and not especially beautiful, a fat boy fed

the diet of the poor, potatoes, turnips, bread,

and for sweetness the cherries in his fist.

Ovid has Orpheus sing the story Hermes,

the slippery consigliare, tells the parents:

the boy will learn the language of the mighty,

an acolyte, loved and provided for, a story

that comes with a payment of valuable horses,

wealth enough to secure the future, more

than even a grown son could expect to earn

them.  What does the boy see, rising? Over Laos

200,000 children trafficked into Thailand’s

brothels, building sites, and sweatshops; over

Kazahkstan, Uzbekistan, Afghanistan, Albania,

procurers riding shotgun, helicopter cargo

bound for prostitution in the streets of Athens;

from Nigeria, bush pilots make the short flight

over jungle to the secret auction, “Clean, no HIV. No HIV.”

Euros for their trouble from the French, the Belgians,

dollars from Americans.[1] The eagle on the money,

each child a disappearance. “Too young,” says the madam,

pulling back the beaded curtain for her client,

“no boom-boom this one, not yet, only yum-yum.”

There is one more form of isolation I want to talk about, and that is the compartmentalization of sexual abuse as some kind of “special” trauma. In 1794, in “The Chimney Sweeper,” William Blake wrote

“And because I am happy and dance and sing,

They think they have done me no injury,

And are gone to praise God and his Priest and King,

Who make up a heaven of our misery.”

I do not want to write poems or essays or any other texts I might put out into the world to support this position, that suggests that now that I am no longer miserable, no longer a bleeding victim, I am satisfied with a situation in which people can express outrage at the sexual abuse of children while singing hi ho hi ho it’s off to work we go as they pull into the parking lot at General Dynamics or Raytheon to spend their day assembling missiles that will rain down on school buses in Yemen and hospitals in Syria and other places on other children. In his 1963 essay, “The Artist’s Struggle For Integrity” James Baldwin writes:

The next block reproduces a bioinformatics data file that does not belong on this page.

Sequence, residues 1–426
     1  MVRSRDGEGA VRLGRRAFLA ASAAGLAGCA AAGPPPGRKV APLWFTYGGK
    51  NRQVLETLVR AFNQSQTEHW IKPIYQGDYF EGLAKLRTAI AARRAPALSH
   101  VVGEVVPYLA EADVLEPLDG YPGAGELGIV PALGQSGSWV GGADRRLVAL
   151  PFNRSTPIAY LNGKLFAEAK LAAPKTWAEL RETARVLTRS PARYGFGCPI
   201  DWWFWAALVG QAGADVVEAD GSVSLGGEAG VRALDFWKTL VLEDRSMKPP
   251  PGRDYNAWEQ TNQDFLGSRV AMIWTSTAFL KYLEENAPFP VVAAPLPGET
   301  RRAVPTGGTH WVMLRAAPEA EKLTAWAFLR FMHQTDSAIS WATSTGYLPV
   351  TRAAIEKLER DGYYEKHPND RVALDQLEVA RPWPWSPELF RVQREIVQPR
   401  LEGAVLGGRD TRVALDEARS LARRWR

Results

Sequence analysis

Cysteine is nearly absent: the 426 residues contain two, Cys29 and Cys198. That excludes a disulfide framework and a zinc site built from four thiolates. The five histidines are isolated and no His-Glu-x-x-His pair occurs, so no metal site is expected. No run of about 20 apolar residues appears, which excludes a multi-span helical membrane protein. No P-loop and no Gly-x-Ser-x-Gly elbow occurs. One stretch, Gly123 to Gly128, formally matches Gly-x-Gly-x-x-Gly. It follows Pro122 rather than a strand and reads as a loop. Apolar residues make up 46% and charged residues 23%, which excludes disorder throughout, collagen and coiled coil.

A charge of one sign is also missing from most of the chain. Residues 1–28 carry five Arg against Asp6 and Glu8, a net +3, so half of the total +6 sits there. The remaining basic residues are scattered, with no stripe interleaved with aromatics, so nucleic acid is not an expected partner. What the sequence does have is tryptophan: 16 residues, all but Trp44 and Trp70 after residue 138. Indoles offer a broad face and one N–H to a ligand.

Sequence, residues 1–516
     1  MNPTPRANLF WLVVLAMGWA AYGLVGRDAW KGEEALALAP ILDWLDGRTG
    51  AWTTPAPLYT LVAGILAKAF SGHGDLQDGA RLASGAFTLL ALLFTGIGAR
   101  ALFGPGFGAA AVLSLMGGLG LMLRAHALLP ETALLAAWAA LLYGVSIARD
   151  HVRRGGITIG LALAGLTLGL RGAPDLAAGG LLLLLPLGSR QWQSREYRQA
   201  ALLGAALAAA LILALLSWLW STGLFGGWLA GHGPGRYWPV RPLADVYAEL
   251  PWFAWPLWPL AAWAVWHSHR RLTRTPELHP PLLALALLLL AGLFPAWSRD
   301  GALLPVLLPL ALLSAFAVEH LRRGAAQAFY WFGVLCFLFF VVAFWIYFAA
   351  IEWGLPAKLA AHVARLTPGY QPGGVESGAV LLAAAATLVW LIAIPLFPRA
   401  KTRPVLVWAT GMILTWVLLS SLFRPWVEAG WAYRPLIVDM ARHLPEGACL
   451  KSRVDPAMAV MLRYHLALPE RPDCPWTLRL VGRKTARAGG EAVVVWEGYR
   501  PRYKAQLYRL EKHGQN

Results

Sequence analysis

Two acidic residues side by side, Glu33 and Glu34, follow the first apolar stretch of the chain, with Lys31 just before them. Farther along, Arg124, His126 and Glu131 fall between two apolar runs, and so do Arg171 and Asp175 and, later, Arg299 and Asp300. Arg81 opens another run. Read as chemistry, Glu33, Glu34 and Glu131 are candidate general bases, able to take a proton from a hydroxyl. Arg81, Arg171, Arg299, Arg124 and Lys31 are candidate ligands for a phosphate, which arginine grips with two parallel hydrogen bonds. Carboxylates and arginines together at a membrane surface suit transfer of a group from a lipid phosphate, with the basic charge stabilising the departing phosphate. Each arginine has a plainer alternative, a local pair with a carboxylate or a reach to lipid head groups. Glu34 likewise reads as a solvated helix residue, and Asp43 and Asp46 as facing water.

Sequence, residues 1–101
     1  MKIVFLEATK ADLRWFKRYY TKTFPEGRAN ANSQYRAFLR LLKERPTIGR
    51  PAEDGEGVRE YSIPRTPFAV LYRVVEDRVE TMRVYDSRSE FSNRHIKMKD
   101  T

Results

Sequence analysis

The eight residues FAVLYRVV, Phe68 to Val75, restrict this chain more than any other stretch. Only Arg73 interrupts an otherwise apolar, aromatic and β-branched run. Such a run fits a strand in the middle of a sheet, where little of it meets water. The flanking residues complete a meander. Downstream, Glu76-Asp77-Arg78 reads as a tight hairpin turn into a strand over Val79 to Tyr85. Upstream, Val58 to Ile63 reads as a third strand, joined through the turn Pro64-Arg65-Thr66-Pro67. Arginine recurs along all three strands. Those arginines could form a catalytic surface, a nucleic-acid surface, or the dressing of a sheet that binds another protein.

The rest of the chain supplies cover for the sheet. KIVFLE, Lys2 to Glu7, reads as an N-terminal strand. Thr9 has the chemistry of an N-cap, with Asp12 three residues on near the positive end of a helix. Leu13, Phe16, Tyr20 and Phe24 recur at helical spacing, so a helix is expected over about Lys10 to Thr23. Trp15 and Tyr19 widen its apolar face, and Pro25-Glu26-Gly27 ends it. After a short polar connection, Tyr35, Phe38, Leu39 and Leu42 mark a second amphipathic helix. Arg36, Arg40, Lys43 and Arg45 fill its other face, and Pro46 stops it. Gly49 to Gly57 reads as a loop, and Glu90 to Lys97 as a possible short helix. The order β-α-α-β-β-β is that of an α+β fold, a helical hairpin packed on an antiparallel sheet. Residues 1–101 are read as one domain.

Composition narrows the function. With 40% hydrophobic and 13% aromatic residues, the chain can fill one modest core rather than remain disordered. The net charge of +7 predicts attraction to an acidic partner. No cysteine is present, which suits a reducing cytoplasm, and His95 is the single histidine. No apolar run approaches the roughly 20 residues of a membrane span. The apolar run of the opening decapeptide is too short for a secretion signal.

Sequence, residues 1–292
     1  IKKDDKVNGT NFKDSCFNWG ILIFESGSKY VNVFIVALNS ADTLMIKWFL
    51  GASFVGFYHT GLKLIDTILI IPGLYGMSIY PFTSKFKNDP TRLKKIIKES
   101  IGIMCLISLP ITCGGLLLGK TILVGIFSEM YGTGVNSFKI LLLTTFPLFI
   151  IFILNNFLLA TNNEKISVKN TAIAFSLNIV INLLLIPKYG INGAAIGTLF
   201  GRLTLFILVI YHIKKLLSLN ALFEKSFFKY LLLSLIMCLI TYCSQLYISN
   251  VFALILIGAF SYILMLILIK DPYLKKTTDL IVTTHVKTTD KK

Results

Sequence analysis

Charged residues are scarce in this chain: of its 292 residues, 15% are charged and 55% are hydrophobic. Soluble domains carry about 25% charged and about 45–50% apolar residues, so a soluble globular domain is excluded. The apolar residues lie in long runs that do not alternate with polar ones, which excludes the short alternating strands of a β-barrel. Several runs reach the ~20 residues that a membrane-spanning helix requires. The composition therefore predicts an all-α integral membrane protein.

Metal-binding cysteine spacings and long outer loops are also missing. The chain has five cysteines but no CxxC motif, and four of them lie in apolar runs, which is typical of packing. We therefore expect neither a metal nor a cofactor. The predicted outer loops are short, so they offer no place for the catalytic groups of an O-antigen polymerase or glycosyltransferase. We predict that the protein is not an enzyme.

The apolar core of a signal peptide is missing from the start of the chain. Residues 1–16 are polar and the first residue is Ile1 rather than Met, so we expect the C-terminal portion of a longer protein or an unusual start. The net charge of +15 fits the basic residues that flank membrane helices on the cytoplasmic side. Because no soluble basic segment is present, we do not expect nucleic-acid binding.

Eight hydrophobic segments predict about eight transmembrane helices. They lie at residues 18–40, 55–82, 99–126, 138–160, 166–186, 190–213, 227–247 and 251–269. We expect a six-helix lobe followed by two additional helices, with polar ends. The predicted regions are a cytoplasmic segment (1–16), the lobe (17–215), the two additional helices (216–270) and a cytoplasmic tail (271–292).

“And what is crucial here is that if it hurt you, that is not what’s important. Everybody’s hurt. What is important, what corrals you, what bullwhips you, what drives you, torments you, is that you must find some way of using this to connect you with everyone else alive. This is all you have to do it with. You must understand that your pain is trivial except insofar as you can use it to connect to other people’s pain; and insofar as you can do that with your pain, you can be released from it, and then hopefully it works the other way around too: insofar as I can tell you what it is to suffer, perhaps I can help you to suffer less.”

            It is all one struggle, the struggle to be free from abusive power. That’s all I’m interested in pursuing in my work; the rest is a kind of sentimentality that privileges the suffering of one child over another, of one vulnerable person over another. I suppose what I’ve been looking for all my life is a broadly inclusive and secular ethical system that might take root and spare future generations unnecessary suffering. I’m still looking for that, still writing towards that.

            Thank you.